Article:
CITY GIRL: What life, writing have taught me in four years - Nairobi News
2 months ago, 28 July 11:06
Every year at around this time, I sit to reminisce about this column and if I am inspired enough, I write a boring think-piece commemorating the month in which the idea of this column was conceived.
Sometime this month, this column turned four, but it only occurred to me the other day because July has been such a hectic month. This year, as the column steps into its fifth year, I thought I would share with my dear readers — to whom I owe my existence — some important lessons that I have learnt in the course of writing a newspaper column.
The first is that not all critics are haters. As someone who has been on the receiving end of tornadoes of opprobrium and vituperation, it is only fair that I share one or two tips that I picked up over the years. I will admit, the hardest thing I have had to deal with over the four years was how to handle criticism.
Naturally, you don’t become everyone’s favourite if you are writing a column whose claim to fame is controversy, hints of insults and shades of arrogance.
In the midst of the barrage of hate mail, mean tweets, malicious blog posts, rumours, gossip and lengthy Facebook statuses about me, I gleaned an important lesson about criticism; critics make you better.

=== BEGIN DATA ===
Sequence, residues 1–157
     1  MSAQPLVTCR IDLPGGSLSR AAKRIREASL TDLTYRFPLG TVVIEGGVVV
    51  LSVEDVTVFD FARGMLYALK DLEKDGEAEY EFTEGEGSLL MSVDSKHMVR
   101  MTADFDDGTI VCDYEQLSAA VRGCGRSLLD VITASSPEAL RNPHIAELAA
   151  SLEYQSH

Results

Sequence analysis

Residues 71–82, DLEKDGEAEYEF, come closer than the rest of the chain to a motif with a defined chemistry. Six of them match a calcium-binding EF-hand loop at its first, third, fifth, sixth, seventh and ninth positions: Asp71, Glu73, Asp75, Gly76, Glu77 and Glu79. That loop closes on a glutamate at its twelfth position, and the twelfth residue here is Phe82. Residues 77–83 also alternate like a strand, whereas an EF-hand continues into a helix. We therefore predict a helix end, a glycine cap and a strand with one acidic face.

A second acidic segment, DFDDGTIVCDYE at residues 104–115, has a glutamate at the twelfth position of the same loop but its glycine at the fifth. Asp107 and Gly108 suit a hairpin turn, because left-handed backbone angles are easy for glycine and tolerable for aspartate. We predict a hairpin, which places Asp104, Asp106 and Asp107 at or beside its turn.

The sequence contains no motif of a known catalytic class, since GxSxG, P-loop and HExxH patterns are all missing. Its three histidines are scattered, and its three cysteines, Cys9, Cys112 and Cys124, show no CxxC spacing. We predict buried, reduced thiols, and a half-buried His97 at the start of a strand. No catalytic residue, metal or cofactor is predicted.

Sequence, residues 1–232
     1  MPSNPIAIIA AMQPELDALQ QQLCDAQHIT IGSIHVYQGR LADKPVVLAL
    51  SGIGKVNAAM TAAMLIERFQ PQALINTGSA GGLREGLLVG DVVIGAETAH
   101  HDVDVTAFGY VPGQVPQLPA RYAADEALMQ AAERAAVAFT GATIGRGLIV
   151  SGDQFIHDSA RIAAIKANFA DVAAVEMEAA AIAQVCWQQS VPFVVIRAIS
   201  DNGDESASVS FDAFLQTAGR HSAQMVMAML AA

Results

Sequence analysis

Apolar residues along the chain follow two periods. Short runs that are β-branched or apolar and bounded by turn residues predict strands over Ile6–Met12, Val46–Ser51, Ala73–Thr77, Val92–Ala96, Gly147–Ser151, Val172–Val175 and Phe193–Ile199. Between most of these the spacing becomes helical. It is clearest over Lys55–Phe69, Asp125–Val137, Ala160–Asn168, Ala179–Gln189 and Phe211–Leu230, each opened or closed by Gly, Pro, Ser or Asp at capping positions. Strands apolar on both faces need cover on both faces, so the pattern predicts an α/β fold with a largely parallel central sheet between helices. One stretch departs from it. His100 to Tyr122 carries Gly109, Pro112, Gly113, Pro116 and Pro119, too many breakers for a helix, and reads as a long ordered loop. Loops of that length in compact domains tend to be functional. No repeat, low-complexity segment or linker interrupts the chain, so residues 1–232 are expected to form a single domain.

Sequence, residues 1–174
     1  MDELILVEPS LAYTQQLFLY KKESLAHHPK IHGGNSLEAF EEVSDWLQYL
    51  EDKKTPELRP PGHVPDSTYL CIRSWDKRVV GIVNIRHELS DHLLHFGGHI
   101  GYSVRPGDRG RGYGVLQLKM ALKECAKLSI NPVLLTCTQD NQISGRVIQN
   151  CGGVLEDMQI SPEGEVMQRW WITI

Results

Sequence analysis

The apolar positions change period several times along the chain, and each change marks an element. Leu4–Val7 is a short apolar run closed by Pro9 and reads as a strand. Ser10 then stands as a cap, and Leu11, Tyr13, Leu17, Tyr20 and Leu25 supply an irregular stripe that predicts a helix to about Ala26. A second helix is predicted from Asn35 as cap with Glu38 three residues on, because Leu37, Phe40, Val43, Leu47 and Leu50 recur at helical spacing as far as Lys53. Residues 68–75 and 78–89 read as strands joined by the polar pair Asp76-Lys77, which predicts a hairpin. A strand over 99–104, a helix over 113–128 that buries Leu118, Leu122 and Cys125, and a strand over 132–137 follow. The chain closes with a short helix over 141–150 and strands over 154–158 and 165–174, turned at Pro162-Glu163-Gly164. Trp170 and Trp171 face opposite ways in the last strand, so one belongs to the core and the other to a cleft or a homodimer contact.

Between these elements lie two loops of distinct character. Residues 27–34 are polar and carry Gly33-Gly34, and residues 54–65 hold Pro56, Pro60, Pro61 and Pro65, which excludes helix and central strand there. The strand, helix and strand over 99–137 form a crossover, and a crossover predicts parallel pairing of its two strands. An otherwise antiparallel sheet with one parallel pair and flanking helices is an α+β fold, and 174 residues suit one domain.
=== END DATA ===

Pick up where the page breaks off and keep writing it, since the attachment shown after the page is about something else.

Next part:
To have to encounter criticism on a weekly basis about my work not only made me a better writer, it balanced me because I realised that not all critics mean harm and not criticism is hate.
If you take criticism with a strong heart, and if you critically think about what your critics are saying about you, then you realise that critics often have a point.
So forget what your pastors and motivational speakers tell you about ignoring critics. Critics have nothing to lose when telling you the truth about your work, so they won’t spare you when it comes to feedback. Critics give us knowledge about ourselves that we never had before, and if you know better, you do better.
NOT AS SMART
The second is that you are not as smart as you think you are. An equally important lesson that I have learnt is that I am not always the smartest or cleverest person in the room (although sometimes I am tempted to think so), and I have learnt to sometimes just shut up and listen.
Listening is hard, especially if you are a young, passionate and ambitious person brimming with confidence. Bringing myself to the realisation that I do not know as much I thought I knew, and that I am not really as sharp as my mind misleads me to think has brought me more peace than I could describe in a paragraph.
I have also learnt that it okay to be modest and even more important to remain humble. In the same vein, for someone who was really good at retorting back at critics on social media, I have learnt to hold my peace because not every tweet, Facebook post or ...
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